"Some people are pushing the envelope to the 3456-well format already," observes Graham Threadgill, director of Life Science Automation at Beckman Coulter. "So we're not done with this yet, and 1536 certainly won't be the end of the line."
What will likely be one of the bigger hurdles for 3456-well technology is running up against detection issues, Threadgill notes, saying, "Can you get enough signal or a good enough signal-to-noise out of such a small amount of material in a well?"
There is a 3456-well format already available from Aurora Biotechnologies, for example, points out Eglen, but he says many groups just don't see the need to go that far.
"Once you start getting into fluid volumes below the 8 microliter range—and with 1536 you're already in 12 microliter territory—you start getting into some really high-precision fluid dispensing, for one thing, and that means buying yet more new stuff to handle that," Eglen notes. "Also, the sheer volume of data that you are going to end up with all at once from a run with a 3456-well format could be overwhelming, so the question is are you getting much gain from the technology for the investment you have to put into it?"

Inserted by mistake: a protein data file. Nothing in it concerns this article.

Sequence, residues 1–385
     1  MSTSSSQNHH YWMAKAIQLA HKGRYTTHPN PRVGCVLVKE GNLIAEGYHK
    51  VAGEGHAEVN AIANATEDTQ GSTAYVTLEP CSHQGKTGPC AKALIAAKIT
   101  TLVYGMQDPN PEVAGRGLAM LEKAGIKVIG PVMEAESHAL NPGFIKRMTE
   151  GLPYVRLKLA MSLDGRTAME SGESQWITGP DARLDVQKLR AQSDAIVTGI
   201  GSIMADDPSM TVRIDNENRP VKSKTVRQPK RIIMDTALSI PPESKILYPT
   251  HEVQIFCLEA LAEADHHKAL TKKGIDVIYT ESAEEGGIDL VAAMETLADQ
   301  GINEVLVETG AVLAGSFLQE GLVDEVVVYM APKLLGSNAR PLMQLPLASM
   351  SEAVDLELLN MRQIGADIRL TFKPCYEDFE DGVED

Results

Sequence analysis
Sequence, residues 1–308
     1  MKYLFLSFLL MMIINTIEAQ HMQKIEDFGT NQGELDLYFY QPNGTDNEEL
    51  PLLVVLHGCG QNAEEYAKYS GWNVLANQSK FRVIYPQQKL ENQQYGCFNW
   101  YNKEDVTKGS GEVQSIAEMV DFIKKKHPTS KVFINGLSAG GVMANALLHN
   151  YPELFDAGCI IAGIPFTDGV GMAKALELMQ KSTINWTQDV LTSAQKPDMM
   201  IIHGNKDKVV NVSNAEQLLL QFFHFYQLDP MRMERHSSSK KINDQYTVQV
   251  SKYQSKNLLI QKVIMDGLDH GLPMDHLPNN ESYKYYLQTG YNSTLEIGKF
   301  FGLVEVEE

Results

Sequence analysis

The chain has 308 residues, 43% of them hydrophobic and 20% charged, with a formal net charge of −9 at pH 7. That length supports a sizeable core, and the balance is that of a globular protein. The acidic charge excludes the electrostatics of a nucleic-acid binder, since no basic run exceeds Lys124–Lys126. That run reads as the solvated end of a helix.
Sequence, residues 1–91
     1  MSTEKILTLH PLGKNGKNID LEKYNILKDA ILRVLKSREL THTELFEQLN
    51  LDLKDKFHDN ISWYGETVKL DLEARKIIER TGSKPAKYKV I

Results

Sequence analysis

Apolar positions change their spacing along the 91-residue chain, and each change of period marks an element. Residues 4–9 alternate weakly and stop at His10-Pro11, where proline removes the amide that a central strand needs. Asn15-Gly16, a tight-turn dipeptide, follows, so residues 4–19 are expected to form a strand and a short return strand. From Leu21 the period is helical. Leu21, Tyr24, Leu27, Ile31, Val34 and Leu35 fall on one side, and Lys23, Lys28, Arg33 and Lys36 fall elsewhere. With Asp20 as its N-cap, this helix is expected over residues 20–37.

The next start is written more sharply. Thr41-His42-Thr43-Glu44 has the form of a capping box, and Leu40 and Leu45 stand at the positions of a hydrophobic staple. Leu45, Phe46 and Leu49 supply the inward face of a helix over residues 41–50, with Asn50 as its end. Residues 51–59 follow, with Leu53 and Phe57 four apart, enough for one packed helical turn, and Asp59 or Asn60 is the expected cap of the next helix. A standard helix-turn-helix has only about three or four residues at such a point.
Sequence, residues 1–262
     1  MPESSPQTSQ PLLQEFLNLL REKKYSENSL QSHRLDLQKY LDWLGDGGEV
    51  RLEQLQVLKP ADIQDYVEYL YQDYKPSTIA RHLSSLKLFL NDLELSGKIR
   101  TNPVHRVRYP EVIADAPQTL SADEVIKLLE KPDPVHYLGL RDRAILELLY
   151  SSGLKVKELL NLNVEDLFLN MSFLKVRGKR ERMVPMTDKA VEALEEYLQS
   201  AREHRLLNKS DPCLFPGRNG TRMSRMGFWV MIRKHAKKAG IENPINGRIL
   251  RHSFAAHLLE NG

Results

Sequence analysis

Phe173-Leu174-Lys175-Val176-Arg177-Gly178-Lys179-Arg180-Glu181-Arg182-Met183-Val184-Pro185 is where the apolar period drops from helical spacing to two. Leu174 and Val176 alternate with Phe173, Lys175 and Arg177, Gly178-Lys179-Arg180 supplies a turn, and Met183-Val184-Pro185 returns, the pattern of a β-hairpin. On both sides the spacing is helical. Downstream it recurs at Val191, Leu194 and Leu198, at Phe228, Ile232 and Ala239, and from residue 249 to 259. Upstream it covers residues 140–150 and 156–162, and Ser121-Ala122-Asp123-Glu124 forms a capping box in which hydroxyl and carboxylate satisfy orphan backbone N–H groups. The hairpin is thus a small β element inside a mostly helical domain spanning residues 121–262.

At the vast majority of screening groups, that answer is, "no" he says, and the groups that are using 1536 are more than happy with their output and results. Too happy to be chasing after 3456 any time in the near future, anyway.
Many companies now aren't always screening their whole libraries, points out Dr. Rob Kilkuskie, executive director of the Michigan High Throughput Screening Center. With more focused library work or only a portion of their libraries being screened now, it's just not worth the time for most companies to consider 3456—or sometimes even bother with 1536 right now.